John is demonstrating energy patterns to Terry. Where a divining fork points, brass rods intersect. There are waves of energy about every ten feet. Even my heart pumped heavy about ten feet from center. Nothing grows in the center. I don't mean that plant life is worn down, nothing grows there. Interestingly, all of the background noise stopped in the center, it was dead quiet. It seems that the flat sandstone rocks facing the center have something to do with sound cancellation, perhaps unseen energy can be focused in the same manner.

Above Right: Terry gives the brass rods a try. We learn that our guide is from Scotland but is presently conducting research in the Orkney Islands.

Ring of Brogar. Ring of Brogar.
Above Left: Ring of Brogar. There is an obvious mound due west! Look beyond the stones. What is the mound? By the way, the plant is Heather.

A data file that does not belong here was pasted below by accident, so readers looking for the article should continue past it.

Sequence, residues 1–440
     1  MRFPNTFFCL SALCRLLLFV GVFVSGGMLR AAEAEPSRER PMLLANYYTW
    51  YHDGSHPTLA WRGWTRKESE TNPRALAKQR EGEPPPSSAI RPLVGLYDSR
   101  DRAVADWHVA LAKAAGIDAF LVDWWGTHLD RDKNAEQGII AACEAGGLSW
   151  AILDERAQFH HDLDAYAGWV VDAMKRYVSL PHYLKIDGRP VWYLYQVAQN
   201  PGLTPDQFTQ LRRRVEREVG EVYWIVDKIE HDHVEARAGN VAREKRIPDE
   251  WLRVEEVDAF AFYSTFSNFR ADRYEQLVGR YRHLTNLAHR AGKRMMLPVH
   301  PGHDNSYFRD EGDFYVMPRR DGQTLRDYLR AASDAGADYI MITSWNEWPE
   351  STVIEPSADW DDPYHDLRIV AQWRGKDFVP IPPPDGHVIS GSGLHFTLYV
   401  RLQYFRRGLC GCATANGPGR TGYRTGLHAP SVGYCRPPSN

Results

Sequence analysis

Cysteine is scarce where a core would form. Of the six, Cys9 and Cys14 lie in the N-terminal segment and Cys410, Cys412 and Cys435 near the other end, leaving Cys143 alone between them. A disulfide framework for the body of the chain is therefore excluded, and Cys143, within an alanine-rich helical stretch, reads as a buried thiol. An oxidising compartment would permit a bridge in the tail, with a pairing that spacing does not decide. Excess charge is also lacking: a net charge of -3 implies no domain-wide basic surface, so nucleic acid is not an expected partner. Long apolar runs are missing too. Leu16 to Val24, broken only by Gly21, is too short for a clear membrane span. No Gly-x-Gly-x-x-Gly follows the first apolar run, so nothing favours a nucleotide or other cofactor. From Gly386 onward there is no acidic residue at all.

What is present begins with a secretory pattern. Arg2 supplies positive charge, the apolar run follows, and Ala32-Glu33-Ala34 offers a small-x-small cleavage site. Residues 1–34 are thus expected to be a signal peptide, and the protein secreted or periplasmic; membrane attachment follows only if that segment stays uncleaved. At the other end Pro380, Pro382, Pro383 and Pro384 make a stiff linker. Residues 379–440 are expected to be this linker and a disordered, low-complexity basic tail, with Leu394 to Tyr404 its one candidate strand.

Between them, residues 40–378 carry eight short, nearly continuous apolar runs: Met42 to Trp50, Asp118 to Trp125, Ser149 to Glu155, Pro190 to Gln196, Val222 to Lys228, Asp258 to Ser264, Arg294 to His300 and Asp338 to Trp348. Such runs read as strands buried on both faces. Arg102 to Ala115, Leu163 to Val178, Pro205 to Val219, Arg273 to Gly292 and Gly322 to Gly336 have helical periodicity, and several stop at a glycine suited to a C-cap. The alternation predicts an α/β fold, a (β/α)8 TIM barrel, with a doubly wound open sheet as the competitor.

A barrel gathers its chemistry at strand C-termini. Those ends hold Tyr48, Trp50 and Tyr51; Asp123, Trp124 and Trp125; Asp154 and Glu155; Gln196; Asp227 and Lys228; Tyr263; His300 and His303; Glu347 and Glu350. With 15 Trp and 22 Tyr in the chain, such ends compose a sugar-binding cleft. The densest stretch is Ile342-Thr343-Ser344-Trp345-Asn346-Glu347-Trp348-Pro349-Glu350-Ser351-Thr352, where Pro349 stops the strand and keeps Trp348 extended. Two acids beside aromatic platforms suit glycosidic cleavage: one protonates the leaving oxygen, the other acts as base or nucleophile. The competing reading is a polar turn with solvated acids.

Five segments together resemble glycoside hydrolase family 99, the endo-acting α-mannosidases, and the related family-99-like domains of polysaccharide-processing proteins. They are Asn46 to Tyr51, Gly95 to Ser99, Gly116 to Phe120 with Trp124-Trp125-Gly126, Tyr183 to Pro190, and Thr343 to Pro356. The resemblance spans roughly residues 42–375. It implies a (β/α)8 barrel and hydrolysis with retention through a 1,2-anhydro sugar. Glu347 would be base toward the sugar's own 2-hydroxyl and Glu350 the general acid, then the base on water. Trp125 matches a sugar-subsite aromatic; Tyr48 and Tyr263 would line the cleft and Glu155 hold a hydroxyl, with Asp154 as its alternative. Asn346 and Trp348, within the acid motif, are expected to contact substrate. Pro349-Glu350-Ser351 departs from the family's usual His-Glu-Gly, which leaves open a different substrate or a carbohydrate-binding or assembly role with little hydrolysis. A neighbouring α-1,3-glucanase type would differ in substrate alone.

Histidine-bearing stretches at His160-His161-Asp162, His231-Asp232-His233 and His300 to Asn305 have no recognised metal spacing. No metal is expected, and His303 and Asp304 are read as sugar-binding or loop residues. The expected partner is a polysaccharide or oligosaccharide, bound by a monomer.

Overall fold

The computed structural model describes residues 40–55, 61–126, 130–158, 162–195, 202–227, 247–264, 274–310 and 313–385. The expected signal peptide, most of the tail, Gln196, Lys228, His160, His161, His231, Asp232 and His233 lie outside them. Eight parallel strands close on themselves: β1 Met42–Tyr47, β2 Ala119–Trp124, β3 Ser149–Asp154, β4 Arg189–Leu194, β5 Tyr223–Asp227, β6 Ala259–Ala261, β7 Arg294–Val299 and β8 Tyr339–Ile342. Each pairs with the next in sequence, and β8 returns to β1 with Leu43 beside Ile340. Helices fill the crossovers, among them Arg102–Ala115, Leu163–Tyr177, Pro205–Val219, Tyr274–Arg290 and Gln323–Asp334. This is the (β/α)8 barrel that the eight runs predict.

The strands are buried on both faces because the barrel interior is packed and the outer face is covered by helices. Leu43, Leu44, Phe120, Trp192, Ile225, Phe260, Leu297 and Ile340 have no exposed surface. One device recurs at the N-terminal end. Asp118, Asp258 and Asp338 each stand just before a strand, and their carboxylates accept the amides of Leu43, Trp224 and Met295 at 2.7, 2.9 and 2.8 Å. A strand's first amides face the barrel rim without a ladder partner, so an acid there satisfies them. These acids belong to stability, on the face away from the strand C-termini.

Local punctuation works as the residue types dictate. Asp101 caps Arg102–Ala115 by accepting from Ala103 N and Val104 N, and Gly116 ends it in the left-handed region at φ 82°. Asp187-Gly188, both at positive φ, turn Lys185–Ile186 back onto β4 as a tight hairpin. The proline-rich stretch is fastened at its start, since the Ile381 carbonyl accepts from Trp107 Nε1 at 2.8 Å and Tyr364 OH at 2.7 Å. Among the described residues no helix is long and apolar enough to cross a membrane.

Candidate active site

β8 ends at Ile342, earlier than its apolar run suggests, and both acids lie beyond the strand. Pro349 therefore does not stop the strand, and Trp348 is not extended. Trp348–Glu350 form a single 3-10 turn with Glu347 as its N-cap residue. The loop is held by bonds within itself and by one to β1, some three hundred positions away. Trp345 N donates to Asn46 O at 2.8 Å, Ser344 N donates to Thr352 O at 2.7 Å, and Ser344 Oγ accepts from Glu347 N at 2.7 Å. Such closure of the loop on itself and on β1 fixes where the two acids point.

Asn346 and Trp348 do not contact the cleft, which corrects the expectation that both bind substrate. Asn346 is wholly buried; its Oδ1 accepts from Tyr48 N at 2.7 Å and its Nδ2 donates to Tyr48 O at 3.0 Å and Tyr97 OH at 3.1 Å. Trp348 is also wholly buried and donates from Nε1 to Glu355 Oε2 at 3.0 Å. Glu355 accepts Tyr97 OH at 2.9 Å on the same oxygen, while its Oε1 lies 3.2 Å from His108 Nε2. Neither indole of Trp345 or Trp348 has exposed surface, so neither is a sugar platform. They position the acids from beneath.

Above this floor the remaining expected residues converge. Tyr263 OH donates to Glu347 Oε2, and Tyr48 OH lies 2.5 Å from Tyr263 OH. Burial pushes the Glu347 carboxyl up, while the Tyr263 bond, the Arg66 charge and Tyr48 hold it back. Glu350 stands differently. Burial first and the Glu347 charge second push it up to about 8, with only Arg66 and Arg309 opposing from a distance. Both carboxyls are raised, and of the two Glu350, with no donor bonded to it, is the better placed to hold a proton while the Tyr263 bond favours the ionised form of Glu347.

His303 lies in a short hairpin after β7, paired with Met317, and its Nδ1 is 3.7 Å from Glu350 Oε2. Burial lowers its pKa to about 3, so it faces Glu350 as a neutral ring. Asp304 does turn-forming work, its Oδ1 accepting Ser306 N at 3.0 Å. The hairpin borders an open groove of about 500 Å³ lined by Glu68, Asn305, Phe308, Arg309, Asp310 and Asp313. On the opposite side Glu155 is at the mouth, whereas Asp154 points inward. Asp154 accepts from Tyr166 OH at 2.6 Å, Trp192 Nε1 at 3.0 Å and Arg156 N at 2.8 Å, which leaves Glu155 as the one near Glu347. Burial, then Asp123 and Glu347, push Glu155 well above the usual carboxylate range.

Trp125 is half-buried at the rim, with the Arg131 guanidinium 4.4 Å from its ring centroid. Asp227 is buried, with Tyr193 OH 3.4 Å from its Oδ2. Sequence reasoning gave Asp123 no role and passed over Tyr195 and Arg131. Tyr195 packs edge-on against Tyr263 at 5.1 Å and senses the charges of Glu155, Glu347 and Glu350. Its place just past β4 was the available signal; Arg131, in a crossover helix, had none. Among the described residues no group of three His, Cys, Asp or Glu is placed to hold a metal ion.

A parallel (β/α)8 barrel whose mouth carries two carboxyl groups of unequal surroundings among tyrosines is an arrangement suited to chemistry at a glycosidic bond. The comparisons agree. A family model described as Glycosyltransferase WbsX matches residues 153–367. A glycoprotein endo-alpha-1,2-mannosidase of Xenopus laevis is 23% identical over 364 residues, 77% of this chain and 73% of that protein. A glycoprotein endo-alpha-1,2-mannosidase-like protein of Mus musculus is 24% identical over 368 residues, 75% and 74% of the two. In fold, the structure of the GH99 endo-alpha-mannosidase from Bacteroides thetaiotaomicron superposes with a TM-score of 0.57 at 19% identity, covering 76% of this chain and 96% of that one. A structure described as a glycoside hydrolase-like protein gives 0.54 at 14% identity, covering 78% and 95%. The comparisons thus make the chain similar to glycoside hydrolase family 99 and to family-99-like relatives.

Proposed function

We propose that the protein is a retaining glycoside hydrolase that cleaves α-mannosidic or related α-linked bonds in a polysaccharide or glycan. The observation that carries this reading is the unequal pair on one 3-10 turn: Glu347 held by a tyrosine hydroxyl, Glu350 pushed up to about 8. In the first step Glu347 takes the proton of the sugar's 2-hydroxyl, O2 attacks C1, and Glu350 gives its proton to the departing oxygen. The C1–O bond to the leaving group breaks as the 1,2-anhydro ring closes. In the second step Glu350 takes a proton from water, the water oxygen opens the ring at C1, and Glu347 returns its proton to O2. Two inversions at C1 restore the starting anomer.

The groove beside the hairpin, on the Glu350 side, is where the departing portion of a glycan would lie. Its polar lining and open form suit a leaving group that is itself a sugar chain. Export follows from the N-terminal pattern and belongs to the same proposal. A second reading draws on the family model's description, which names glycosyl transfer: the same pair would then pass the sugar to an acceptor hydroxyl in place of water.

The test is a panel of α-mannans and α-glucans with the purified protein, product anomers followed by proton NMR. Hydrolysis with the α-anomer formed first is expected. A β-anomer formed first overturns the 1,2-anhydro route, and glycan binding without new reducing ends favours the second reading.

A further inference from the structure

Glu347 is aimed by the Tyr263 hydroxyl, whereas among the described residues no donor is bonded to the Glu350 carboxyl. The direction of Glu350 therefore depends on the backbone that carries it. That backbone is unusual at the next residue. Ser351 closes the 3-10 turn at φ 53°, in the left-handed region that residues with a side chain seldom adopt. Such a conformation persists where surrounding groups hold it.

We learn that our guide was in the French Foreign Legion as an Explosives Expert (Anti Terrorism) - Oh yeah, our guide speaks about six languages.

Above Right: Side view of the standing stones. We learn that we are in a round valley and that the island itself was rounder, centuries ago. The theme of circles abounds at this central spot, the Ring of Brogar.

We learn that our guide is studying the Economic Impact of Scottish Mercenaries in the Twelfth Century on the Danish (Denmark) Education System. He says that the information is there, it just takes someone who has the time and can read and understand several of the North Atlantic seaside country's languages as well as understand the driving economic forces at the time (Scots looking for work from a depressed economy and Northern European countries fighting for land and power, thus paying good money to mercenaries). Our guide has been in the archives, most recently at Aberdeen University, Stockholm, Copenhagen, and somewhere in the Orkneys (if we understand correctly).

Ring of Brogar. Skara Brae main room.
Above Left: Ring of Brogar: One stone down.